We have tackled many strange stories on 60 Minutes, but perhaps none like this. It's the story of the U.S. government's grudging acknowledgment of unidentified aerial phenomena— UAP—more commonly known as UFOs. After decades of public denial the Pentagon now admits there's something out there, and the U.S. Senate wants to know what it is. The intelligence committee has ordered the director of national intelligence and the secretary of defense to deliver a report on the mysterious sightings by next month.
Bill Whitaker: So what you are telling me is that UFOs, unidentified flying objects, are real?
Lue Elizondo: Bill, I think we're beyond that already. The government has already stated for the record that they're real. I'm not telling you that. The United States government is telling you that.
Luis Elizondo spent 20 years running military intelligence operations worldwide: in Afghanistan, the Middle East and Guantanamo. He hadn't given UFOs a second thought until 2008. That's when he was asked to join something at the Pentagon called the Advanced Aerospace Threat Identification Program, or "AATIP."
Lue Elizondo: The mission of AATIP was quite simple. It was to collect and analyze information involving anomalous aerial vehicles, what I guess in the vernacular you call them UFOs. We call them UAPs.
Bill Whitaker: You know how this sounds? It sounds nutty, wacky.
Lue Elizondo: Look, Bill, I'm not, I'm not telling you that, that it doesn't sound wacky. What I'm telling you, it's real. The question is, what is it? What are its intentions? What are its capabilities?
Buried away in the Pentagon, AATIP was part of a $22 million program sponsored by then-Senate Majority Leader Harry Reid to investigate UFOs. When Elizondo took over in 2010 he focused on the national security implications of unidentified aerial phenomena documented by U.S. service members.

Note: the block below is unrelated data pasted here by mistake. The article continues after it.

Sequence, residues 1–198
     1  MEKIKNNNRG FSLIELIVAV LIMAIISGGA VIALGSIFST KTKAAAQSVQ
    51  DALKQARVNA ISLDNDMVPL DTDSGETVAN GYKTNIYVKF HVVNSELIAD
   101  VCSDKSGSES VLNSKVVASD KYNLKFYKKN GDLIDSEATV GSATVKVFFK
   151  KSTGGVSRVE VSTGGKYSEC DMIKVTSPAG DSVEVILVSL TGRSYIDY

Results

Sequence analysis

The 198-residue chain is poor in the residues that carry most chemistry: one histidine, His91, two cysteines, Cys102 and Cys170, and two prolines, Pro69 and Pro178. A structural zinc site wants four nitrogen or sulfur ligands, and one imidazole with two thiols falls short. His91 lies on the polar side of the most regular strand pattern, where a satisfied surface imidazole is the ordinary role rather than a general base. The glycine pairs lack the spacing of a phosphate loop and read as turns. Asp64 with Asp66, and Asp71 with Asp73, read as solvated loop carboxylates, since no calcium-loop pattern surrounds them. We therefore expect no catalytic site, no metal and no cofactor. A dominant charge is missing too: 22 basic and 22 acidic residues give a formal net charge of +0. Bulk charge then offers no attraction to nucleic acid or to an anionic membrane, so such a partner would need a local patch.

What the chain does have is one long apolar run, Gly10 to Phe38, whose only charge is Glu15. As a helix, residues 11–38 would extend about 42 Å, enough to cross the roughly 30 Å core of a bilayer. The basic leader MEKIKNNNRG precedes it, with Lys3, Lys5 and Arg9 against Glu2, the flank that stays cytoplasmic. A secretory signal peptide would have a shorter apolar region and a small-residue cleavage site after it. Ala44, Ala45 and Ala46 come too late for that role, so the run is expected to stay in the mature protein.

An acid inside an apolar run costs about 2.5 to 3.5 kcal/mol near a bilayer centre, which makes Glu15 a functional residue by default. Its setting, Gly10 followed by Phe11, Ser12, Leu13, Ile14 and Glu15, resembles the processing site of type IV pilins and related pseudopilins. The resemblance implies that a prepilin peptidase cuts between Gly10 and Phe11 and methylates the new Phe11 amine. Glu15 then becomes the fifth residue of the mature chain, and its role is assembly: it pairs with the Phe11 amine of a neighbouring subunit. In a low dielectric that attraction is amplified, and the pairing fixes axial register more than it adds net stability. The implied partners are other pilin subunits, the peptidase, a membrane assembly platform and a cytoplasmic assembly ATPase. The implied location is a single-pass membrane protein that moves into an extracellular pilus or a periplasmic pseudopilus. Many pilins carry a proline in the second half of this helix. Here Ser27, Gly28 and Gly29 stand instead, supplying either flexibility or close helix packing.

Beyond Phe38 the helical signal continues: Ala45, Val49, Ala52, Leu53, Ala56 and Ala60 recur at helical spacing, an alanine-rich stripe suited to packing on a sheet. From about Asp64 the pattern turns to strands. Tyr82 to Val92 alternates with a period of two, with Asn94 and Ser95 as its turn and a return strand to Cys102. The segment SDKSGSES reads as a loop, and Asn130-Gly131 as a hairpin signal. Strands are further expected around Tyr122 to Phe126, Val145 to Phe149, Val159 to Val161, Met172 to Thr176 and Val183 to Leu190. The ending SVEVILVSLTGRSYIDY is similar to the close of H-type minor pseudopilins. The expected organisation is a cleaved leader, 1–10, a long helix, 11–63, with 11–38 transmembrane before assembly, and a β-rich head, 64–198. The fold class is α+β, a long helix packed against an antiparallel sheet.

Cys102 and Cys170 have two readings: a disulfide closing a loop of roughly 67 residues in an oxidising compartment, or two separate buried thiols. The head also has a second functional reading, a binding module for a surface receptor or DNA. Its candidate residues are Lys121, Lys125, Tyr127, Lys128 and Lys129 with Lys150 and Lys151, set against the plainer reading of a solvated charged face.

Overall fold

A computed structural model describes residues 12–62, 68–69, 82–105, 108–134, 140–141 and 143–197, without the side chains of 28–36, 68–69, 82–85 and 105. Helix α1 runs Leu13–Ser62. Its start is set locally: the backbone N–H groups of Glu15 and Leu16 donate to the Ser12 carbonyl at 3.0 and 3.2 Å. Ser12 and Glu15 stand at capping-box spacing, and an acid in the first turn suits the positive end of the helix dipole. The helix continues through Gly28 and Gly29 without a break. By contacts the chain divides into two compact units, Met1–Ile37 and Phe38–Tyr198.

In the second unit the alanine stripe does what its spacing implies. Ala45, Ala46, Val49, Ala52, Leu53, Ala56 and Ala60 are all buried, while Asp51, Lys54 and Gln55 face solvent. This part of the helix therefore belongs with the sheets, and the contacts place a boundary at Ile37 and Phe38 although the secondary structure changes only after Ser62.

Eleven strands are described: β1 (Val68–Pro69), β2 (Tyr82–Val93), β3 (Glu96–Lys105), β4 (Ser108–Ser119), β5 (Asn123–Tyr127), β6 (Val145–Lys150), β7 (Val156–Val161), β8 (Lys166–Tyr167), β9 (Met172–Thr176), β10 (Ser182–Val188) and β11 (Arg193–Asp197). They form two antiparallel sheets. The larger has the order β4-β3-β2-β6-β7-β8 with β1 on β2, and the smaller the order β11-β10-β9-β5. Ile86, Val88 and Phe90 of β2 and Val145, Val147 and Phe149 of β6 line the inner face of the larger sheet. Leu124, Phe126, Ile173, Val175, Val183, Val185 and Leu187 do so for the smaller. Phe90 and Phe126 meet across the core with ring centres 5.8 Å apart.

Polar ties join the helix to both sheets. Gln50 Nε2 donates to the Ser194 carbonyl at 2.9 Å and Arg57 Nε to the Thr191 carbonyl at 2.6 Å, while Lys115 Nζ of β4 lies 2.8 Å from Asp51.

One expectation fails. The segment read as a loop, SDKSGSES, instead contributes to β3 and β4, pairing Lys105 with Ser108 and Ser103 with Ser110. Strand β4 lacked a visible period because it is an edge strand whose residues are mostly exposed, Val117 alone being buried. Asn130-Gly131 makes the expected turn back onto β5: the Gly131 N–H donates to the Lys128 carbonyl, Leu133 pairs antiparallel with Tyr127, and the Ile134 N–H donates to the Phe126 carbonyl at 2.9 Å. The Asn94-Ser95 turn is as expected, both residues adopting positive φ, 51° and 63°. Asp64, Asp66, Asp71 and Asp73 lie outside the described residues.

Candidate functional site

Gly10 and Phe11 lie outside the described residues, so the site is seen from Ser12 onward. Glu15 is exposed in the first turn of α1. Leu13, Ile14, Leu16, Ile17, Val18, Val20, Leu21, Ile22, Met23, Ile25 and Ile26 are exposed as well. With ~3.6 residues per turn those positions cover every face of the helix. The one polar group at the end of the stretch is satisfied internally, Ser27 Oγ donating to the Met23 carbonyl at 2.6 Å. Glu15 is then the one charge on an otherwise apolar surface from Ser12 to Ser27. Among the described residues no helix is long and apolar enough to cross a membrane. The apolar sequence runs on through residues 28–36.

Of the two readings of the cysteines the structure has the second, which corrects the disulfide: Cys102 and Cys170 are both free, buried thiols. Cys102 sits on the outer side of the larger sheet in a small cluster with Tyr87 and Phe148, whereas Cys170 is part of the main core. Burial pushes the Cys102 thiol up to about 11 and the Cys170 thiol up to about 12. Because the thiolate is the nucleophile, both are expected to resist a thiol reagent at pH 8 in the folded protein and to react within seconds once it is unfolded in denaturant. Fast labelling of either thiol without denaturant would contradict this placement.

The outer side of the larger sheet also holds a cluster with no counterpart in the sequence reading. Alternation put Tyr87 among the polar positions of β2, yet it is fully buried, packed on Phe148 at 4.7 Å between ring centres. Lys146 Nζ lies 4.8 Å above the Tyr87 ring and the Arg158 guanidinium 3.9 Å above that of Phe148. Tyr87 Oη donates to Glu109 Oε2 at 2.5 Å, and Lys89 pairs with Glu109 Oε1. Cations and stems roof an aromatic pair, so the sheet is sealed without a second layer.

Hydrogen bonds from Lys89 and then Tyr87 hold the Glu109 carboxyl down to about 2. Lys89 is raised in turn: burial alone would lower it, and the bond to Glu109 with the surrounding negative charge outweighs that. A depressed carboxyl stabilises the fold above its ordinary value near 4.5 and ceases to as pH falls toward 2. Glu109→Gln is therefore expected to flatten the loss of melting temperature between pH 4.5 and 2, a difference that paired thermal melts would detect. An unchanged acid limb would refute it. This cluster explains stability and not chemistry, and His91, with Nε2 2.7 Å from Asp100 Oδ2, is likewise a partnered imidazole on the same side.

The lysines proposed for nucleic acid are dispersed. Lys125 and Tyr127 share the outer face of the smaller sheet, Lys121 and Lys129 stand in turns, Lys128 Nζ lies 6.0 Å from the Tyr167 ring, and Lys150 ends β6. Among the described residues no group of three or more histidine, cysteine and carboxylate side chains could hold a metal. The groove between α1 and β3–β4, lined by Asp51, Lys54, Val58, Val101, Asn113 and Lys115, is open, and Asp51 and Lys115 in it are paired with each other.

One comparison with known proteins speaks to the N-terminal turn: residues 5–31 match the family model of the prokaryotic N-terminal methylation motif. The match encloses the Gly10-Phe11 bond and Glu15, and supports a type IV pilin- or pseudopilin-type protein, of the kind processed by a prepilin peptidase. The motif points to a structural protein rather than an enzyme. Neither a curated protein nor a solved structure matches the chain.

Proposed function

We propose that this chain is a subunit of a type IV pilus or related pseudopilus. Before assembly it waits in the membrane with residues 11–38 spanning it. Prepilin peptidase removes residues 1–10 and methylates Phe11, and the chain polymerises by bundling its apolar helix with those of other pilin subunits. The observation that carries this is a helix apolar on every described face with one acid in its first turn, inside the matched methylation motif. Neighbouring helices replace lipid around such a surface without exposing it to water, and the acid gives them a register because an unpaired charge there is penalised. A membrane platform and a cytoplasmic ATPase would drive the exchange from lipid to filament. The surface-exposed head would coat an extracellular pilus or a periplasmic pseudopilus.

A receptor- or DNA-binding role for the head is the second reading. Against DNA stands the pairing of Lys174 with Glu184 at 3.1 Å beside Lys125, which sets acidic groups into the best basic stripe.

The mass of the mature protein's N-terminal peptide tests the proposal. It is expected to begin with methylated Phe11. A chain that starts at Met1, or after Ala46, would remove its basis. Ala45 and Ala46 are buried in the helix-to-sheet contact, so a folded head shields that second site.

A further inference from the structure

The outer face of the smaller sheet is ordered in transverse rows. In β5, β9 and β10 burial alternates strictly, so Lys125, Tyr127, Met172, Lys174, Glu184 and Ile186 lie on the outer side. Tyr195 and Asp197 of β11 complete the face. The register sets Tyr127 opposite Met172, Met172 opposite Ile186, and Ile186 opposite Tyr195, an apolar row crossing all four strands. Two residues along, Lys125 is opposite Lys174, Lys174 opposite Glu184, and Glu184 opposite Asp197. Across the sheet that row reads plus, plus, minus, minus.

Lue Elizondo: Imagine a technology that can do 6-to-700 g-forces, that can fly at 13,000 miles an hour, that can evade radar and that can fly through air and water and possibly space. And oh, by the way, has no obvious signs of propulsion, no wings, no control surfaces and yet still can defy the natural effects of Earth's gravity. That's precisely what we're seeing.
Elizondo tells us AATIP was a loose-knit mix of scientists, electro-optical engineers, avionics and intelligence experts, often working part time. They combed through data and records, and analyzed videos like this.
A Navy aircrew struggles to lock onto a fast-moving object off the U.S. Atlantic Coast in 2015.
Recently released images may not convince ufo skeptics, but the pentagon admits it doesn't know what in the world this is or this or this.
Bill Whitaker: So what do you say to the skeptics? It's refracted light. Weather balloons. A rocket being launched. Venus.
Lue Elizondo: In some cases there are simple explanations for what people are witnessing. But there are some that, that are not. We're not just simply jumping to a conclusion that's saying, "Oh, that's a UAP out there." We're going through our due diligence. Is it some sort of new type of cruise missile technology that China has developed? Is it some sort of high-altitude balloon that's conducting reconnaissance? Ultimately when you have exhausted all those what ifs and you're still left with the fact that this is in our airspace and it's real, that's when it becomes compelling, and that's when it becomes problematic.
Former Navy pilot Lieutenant Ryan Graves calls whatever is out there a security risk. He told us his F/A-18F squadron began seeing UAPs hovering over restricted airspace southeast of Virginia Beach in 2014 when they updated their jet's radar, making it possible to zero in with infrared targeting cameras.
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